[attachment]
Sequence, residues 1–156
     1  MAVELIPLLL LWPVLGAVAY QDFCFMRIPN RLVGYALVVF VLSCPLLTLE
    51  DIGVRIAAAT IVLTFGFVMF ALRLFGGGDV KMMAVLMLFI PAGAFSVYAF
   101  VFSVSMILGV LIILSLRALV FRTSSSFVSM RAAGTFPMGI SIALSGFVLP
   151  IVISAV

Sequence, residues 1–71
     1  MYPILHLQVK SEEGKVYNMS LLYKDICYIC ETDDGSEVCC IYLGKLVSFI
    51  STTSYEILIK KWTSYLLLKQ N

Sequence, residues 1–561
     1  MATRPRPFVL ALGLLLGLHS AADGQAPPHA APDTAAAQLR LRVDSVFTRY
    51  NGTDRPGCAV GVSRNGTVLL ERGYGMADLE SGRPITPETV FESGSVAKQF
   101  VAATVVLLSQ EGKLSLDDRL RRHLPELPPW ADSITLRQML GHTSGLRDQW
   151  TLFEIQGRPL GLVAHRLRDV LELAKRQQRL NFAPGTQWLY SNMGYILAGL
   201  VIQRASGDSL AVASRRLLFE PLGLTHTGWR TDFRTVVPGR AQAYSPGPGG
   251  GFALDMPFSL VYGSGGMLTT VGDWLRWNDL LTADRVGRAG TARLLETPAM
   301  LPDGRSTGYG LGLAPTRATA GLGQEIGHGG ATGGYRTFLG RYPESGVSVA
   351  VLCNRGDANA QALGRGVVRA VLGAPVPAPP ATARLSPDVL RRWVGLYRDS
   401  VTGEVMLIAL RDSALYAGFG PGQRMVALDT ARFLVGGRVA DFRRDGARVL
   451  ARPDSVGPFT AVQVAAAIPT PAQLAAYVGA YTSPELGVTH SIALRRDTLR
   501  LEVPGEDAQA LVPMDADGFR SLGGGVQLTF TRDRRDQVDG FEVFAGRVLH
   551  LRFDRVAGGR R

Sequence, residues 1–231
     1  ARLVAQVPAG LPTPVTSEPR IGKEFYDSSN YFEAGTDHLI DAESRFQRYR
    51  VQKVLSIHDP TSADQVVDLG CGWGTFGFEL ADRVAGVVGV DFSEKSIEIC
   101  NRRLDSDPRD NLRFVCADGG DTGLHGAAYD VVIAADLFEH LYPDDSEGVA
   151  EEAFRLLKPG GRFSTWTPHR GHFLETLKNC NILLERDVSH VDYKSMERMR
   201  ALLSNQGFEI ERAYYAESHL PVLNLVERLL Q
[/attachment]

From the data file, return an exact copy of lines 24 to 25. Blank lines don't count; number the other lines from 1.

    51  VQKVLSIHDP TSADQVVDLG CGWGTFGFEL ADRVAGVVGV DFSEKSIEIC
   101  NRRLDSDPRD NLRFVCADGG DTGLHGAAYD VVIAADLFEH LYPDDSEGVA